R Tutorial for ANOVA and Linear Regression
 Page ID
 251
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ANOVA table
 Let's say we have collected data, and our X values have been entered in R as an array called data.X, and our Y values as data.Y. Now, we want to find the ANOVA values for the data. We can do this through the following steps:
 First, we should fit our data to a model. > data.lm = lm(data.Y~data.X)
 Next, we can get R to produce an ANOVA table by typing : > anova(data.lm)
 Now, we should have an ANOVA table!
Fitted Values
 To obtain the fitted values of the model from our previous example, we type: > data.fit = fitted(data.lm)
 This gives us an array called "data.fit" that contains the fitted values of data.lm
Residuals
 Now we want to obtain the residuals of the model: > data.res = resid(data.lm)
 Now we have an array of the residuals.
Hypothesis testing
 If you have already found the ANOVA table for your data, you should be able to calculate your test statistic from the numbers given.
 Let's say we want to find the F  quantile given by \( \large \mathbf{F} (.95; 3 , 24) \). We can find this by typing > qf(.95, 3, 24)
 To find the t  quantile given by \( \large \mathbf{t} (.975; 1, 19) \) , we would type: > qt(.975, 1, 19)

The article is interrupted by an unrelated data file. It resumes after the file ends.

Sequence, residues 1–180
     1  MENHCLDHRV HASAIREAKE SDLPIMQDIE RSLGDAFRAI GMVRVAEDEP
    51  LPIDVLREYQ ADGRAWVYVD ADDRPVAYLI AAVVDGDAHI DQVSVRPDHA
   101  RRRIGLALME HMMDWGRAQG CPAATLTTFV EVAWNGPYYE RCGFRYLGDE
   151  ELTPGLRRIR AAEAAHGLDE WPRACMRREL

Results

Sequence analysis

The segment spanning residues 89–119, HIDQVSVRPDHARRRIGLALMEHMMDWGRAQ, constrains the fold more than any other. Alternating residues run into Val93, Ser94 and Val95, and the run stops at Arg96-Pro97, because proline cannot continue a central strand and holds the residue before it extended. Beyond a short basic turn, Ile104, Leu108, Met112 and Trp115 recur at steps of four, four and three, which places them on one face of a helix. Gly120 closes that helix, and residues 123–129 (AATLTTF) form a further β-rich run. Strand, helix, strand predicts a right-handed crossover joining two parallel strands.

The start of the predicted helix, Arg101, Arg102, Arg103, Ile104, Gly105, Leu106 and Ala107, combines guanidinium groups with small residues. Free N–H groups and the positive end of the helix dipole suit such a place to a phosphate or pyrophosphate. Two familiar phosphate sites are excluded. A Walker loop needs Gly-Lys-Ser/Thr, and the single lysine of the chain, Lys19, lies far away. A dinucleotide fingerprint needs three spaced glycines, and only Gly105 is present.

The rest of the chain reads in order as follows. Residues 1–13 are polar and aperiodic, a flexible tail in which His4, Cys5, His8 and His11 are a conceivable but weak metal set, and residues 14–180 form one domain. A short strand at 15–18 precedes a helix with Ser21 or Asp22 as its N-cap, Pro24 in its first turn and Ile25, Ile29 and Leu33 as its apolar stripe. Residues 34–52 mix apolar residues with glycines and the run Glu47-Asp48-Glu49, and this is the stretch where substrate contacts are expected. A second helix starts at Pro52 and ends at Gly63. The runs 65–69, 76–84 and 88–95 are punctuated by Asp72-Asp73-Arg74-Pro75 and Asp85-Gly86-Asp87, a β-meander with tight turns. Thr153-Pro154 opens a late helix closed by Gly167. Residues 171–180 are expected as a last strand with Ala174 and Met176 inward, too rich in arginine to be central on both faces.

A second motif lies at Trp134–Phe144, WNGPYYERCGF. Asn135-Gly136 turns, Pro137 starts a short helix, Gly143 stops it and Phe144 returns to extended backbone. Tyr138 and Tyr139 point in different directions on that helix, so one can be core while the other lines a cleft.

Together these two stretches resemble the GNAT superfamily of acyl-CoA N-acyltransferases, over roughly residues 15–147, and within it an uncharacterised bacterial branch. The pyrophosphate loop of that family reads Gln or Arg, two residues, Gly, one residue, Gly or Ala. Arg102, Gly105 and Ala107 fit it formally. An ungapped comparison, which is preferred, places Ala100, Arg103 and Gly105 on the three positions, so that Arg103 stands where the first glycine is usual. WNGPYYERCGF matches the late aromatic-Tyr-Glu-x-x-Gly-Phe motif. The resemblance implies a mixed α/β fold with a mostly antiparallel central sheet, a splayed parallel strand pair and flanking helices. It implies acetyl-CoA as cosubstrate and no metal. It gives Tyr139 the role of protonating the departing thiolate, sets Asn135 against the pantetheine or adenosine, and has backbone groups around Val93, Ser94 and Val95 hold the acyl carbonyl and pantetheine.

P  values

To get the p  value for the F  quantile of, say, 2.84 , with degrees of freedom 3 and 24, we would type in > pf(2.84, 3, 24)
Normal QQ plot
 We want to obtain the Normal Probability plot for the standardized residuals of our data, "data.lm".
 We have already fit our data to a model, but we now need the studentized residuals:
> data.stdres = rstandard(data.lm)
 Now, we make the plot by typing: > qqnorm(data.stdres)
 Now, to see the line, type: > qqline(data.stdres)
More on Linear Regression
Fitting a Model
 Let's say we have two X variables in our data, and we want to find a multiple regression model. Once again, let's say our Y values have been saved as a vector titled "data.Y". Now, let's assume that the X values for the first variable are saved as "data.X1", and those for the second variable as "data.X2".
 If we want to fit our data to the model \( \large Y_i = \beta_1 X_{i1} + \beta_2 X_{i2} + \epsilon_i \) , we can type:
> data.lm.mult = lm(data.Y ~ data.X1 + data.X2).
 This has given us a model to work with, titled "data.lm.mult"
Summary of Model
 We can now see our model by typing > summary(data.lm.mult)
 The summary should list the estimates, the standard errors, and the tvalues of each variable. The summary also lists the Residual Standard Error, the Multiple and Adjusted Rsquared values, and other very useful information.
Pairwise Comparison Scatterplot Matrix
 Let's say we have a model with three different variables (the variables are named "data.X", "data.Y", and "data.Z"). We can compare the variables against eachother in a scatterplot matrix easily by typing:
> pairs(cbind(data.X, data.Y, data.Z))
 If the variables are listed together in one data frame (let's say it's called "data.XYZ"), we can get the same matrix by typing: > pairs(data.XYZ)
Further Questions
 If you would like more information on any R instructions to be added to this page, please comment, noting what you would like to see, and we will work on putting up the information as soon as possible.
Contributors
 Valerie Regalia
 Debashis Paul